Superannuation rules, Superannuation is a percentage of your income that is set aside for you to access after you reach retirement. Strict superannuation rules and compulsory fund contributions have put Australians’ retirement savings ahead of people in many other counties that have no mandatory retirement contributions.

Superannuation is fairly straightforward for most of us who earn a wage or salary because it comes out of our pay, and that’s the last we think about it.

However, once you start digging deeper into superannuation and tax rules as well as trying to work out if you’ll have enough when you retire, it becomes pretty complicated.

Here is some important information that will teach you more about superannuation and help you better prepare for your retirement. Even if your retirement is decades away it is always a good idea to start saving as early as possible to ensure that you have the luxury of living the desired lifestyle you would wish to live once you reach retirement.

How much super is your employer required to pay you?

It is a requirement for every employer to pay a minimum of 9.5 percent of their employee’s total earnings into their superannuation account. This is known as the Super Guarantee (SG). For example, if your ordinary time earnings for the year are $50,000, your employer must pay $4,500 into your super account.

The minimum contribution is set to increase again in 2021 to 10 percent, this will be followed by an increase of 0.5 percent each year after this year until it reaches a target of 12 percent in 2025.

The 9.5 percent is calculated from your normal pay or salary plus all allowances, commissions and leave loading. This doesn’t include dividends or performance-related bonuses.

Superannuation Criteria

In order to be eligible to receive employer superannuation contributions, you must be under the age of 70, working either on a full-time, part-time or casual basis and paid over $450 before tax per calendar month. If you’re under the age of 18, to be eligible for the employer contributions you also have to be working more than 30 hours a week.

Superannuation standards, rules and compliance

All superannuation funds have to be complying and must meet legal standards. If you want confirmation that your fund is a ‘complying’ super fund, you can go to the federal government’s free register of complying funds called ‘Super Fund Lookup’.

Superannuation for Self-Employed Australians

If you are self-employed, you can decide if you want to join and contribute to a fund. Most self-employed people can claim a full tax deduction for contributions they make to their super until the age of 75.

Superannuation Rules, What happens to my super contributions?

Money in your superannuation account is invested by your super fund. Most super funds offer a variety of investment options that may include shares, currency, property and more complex investment products. Choosing the investment options, you should consult the super provider and or get expert advice.

The Australian Tax Office (ATO) recommends that you should check your superannuation situation each year at the same time as you do your tax.

 Superannuation Contribution Rules and Limits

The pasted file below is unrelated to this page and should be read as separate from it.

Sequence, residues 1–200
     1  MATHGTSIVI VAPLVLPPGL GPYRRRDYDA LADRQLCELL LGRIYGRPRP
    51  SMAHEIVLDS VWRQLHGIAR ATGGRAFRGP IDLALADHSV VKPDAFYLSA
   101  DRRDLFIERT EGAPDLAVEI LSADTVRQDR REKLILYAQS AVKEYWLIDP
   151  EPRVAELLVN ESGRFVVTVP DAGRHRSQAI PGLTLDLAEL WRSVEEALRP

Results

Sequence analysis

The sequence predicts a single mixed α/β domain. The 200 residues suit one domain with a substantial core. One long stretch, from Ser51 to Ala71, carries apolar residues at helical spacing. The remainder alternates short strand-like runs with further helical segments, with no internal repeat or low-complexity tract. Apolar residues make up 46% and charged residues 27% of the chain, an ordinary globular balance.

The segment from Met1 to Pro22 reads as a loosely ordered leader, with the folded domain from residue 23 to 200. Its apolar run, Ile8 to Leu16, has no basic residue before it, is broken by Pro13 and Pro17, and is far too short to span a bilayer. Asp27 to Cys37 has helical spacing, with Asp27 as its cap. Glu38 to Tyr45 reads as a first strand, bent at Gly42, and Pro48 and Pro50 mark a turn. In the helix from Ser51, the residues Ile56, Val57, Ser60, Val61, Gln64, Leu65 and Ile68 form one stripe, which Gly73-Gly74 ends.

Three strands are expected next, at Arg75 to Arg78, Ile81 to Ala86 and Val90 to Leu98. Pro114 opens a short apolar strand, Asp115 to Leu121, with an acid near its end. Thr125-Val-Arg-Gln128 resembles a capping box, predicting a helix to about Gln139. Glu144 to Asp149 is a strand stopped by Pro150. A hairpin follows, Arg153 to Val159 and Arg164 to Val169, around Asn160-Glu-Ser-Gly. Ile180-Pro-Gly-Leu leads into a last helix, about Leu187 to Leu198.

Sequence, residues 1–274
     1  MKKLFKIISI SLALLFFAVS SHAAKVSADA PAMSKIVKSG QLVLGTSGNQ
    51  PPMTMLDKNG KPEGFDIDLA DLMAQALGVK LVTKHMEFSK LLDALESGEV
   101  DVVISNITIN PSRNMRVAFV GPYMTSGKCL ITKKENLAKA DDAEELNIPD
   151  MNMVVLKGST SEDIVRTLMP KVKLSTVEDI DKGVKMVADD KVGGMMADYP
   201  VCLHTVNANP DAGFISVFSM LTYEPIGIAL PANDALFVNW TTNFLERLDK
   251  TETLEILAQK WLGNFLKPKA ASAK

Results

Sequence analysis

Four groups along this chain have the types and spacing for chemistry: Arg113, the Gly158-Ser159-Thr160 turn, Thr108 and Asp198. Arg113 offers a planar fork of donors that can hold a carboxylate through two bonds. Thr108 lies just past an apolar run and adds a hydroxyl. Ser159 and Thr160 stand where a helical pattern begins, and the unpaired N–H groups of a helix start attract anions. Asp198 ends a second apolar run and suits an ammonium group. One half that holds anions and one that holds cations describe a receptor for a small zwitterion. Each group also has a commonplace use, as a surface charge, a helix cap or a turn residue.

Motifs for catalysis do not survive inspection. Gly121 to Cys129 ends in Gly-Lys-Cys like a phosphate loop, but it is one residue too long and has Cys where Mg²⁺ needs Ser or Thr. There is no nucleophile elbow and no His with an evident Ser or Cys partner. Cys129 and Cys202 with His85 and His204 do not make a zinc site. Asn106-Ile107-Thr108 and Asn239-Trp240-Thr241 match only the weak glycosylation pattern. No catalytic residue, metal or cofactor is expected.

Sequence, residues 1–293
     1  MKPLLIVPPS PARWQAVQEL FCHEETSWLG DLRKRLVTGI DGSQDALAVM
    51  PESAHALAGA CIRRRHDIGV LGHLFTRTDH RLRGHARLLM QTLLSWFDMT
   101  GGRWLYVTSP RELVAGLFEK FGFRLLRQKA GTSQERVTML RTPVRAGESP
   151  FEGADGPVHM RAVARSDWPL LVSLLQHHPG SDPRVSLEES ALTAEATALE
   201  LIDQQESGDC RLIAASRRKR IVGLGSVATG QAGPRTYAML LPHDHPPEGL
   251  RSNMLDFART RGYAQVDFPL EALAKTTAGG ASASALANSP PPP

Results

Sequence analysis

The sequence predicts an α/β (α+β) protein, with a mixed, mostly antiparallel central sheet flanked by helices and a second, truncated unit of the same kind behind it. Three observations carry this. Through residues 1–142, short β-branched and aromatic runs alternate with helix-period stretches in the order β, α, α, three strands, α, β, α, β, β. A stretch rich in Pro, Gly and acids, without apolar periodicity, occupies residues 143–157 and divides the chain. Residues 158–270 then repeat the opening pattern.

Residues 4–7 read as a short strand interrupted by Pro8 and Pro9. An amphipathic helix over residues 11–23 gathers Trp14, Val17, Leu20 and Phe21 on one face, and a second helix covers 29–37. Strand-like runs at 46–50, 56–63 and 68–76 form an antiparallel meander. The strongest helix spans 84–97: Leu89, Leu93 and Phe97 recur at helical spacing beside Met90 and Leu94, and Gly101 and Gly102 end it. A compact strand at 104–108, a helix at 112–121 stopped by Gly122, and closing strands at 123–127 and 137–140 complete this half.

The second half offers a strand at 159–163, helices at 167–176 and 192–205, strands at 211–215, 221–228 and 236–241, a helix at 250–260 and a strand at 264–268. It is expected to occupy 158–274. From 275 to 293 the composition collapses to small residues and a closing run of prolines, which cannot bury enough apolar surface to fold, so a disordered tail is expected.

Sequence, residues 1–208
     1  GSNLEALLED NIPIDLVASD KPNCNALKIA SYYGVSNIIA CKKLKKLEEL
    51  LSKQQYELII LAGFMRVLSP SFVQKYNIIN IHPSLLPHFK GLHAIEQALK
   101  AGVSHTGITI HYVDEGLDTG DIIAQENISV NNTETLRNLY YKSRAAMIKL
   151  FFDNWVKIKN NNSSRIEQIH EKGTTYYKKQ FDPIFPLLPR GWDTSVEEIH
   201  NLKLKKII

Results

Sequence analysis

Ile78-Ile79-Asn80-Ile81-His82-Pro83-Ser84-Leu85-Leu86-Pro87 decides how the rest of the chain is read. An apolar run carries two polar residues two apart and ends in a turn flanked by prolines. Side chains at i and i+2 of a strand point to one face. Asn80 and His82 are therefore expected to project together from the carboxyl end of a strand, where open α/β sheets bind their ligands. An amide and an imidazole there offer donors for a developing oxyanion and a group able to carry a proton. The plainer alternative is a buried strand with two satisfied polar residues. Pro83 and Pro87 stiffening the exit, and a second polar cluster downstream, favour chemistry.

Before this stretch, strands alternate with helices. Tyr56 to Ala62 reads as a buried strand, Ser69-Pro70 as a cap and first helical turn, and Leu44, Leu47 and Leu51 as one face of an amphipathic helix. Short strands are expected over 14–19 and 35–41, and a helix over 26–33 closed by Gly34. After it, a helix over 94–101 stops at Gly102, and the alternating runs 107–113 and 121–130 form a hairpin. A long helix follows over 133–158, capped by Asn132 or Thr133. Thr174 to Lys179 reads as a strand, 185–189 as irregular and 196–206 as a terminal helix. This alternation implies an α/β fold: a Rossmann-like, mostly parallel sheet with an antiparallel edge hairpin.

You can’t put all of your extra money into superannuation. The ATO has a limit on both concessional (before tax) contributions and non-concessional after-tax contributions.

‘Before-tax’ contributions

Concessional contributions are pre-tax contributions made to your superannuation fund.

They include both your employers required 9.5 percent contribution, plus any additional contributions you make by pre-tax salary sacrifice arrangements with your employer.

Most people are allowed to make pre-tax contributions of $25,000 each year.

‘Concessional contributions’ are taxed at the rate of 15 percent. This is much lower than the tax rate most of us pay to the ATO on our income. The tax is handled by your super fund. They usually subtract this tax amount from your super account and you’ll see this on your super statement.

Superannuation Rules, ‘After-tax’ contributions (non-concessional contributions)

Non-concessional contributions are post-tax contributions you make to your super fund.

However, the Australian Tax Office (ATO) has placed restrictions on how much you can contribute each financial year.

At the present time, the majority of Australians depending on your age can make a non-concessional contribution of up to $100,000.

Above the limit, you have to pay even more tax on this money. Currently, above cap, non-concessional contributions are taxed at 47 percent.

Despite the limits that have been put in place, after-tax contributions can really boost your super balance, particularly now that you might be able to claim a deduction for these contributions on your tax return.

If you want to claim this deduction on your tax return you must first tick of these two items:

  1. Told your superannuation fund via a “Notice of intent to claim” that you intend to claim your after-tax contributions, And
  2. Received acknowledgement back from your superannuation fund.

However, it is important to remember that if you claim an after-tax superannuation contribution on your tax return it is effectively converted to a ‘before tax’ concessional contribution and is included in your $25,000 yearly limit.

N